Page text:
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United States 59, Japan 12

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By Brad Bournival

CANTON, Ohio – Once the train was engaged, it was near impossible for Japan to keep up.

By the time the gold medal game of the International Federation of American Football World Championship was over, the United States was looking at its third straight title.

It came in a tidy 59-12 win over two-time champion Japan and was a result of one big play after another.

“We’re world champs,” U.S. game and tournament MVP wide receiver Trent Steelman said. “That’s what America does. We play football. We came in with the mentality that we’re going to teach the rest of the world that this is our game, and we did that for four games straight games.”

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Playing in just its fourth game as a team and in front of 5,500 fans, including national champions J.T. Barrett and Cardale Jones of Ohio State, the United States (4-0) looked like a veteran squad that had been together for years as each member won a gold medal for the first time in his career.

It came in just about every facet as defense was responsible for three touchdowns – a 75-yard pick six by David Guthrie (New Mexico/Tenmile, Ore.), a 36-yard fumble recovery by Kyle Olugbode (Stanford/San Jose, Calif.) and another fumble recovery by Alex Gross (Columbia/Kettering, Ohio)

It came with touchdowns from eight players, and it came with 413 yards on 62 plays for an average of 6.7 yards.

Offense once again was at a premium as Steelman (Army/Bowling Green, Ky.) led all rushers with 56 yards and a score, while Dylan Favre (Tennessee-Martin/Kiln, Miss.), Aaron Wimberly (Iowa State/Duluth, Minn.) and Kevin Burke (Mount Union/Westlake, Ohio) added rushing scores.

Tight end Ernst Brun (Iowa State/Stone Mountain, Ga.) registered the only receiving touchdown as the United States once again showed its dominance.

“It just goes to show how good Americans are at football,” Burke said. “This is our sport. We invented it, and we’re going to be the most dominant in the sport for years and years upon decades.

“When this team got together the very first day about three weeks ago, I knew it was something special. Yeah, we have our miscommunications here and there and that comes with it. But when it’s all said and done, we’re gold medalists, and no one can stop us offensively or defensively.”

Not lost in the complete-game effort by the United States was its third IFAFWC title in as many tries. The U.S. didn’t participate in the 1999 and 2003 games, but since joining the championship it has won every time.

The 2015 team was its most dominant in terms of points (214) and kept the Americans undefeated in IFAF play through 11 games.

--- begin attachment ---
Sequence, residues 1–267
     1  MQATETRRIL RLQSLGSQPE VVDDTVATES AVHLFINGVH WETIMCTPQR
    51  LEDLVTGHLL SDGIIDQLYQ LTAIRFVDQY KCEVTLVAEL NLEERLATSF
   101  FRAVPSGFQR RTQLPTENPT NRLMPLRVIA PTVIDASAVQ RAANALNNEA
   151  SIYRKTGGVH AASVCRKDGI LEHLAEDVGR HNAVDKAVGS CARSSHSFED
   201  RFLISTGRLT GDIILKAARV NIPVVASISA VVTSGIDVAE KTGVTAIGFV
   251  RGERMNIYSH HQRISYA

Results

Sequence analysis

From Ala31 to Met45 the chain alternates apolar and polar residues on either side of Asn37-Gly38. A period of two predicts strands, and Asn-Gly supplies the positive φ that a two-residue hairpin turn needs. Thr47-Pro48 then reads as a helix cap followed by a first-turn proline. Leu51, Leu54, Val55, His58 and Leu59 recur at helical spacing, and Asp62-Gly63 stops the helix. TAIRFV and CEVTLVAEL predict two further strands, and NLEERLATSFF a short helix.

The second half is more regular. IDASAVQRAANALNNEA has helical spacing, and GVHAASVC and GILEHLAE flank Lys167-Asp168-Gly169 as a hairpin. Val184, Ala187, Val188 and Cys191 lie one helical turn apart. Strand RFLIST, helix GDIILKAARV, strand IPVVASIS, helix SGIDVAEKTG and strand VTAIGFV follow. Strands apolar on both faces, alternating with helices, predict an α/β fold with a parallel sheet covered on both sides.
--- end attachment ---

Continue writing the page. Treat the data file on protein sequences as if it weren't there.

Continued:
The 11 games won matches Japan’s for most wins by a country, though Japan has lost four times – three of them to the United States.

“It’s incredible to be out here and represent your country,” Guthrie said. “Playing football is something we’ve been doing since we were 6 years old. We’ve been playing in Pop Warner leagues, so it’s awesome to see everything click. We’ve only been together for three weeks. To come together in that short amount of time, it shows a lot about this team, a lot about this country.”

Steelman logged 18 catches for 258 yards and two scores, rushed for 66 yards and a score, and recovered a fumble for a touchdown over four games to earn his All-Tournament MVP nod.

Also picking up first-team selections were Burke, Wimberly, Brun and offensive lineman James Atoe (Washington/The Dalles, Ore.) on offense.

Defensive lineman Jack Sherlock (South Dakota State/Chicago), linebackers Steve Kurfehs (Texas-San Antonio/San Antonio), Gross and Guthrie also picked up first-team nods as did defensive back Robert Virgil (University of Sioux Falls/Elk Grove, Calif.).

“It’s a credit to our players and how smart they are and adaptable they are in the systems that they come from and then to our coaches who did a great job of packaging things together,” USA head coach Dan Hawkins said. “We ran this like a team, not an all-star team. We wanted a full complement of offense, defense and special teams. We just have continually gotten better, and that showed up in the France game (an 82-0 win) and showed up here today.”

For Japan (2-2), it was a second silver medal finish after a bronze medal performance in the 2011 games and the country’s fifth medal in as many tournaments.

While it’s an incredible accomplishment in and of itself, Japanese head coach Kiyoyuki Mori wasn’t offering excuses for the 47-point loss.

“We need to improve more physically and technically,” Mori said. “I’m very proud of our players, but Japanese football has to improve more. We have to improve everywhere, offense, defense and special teams.”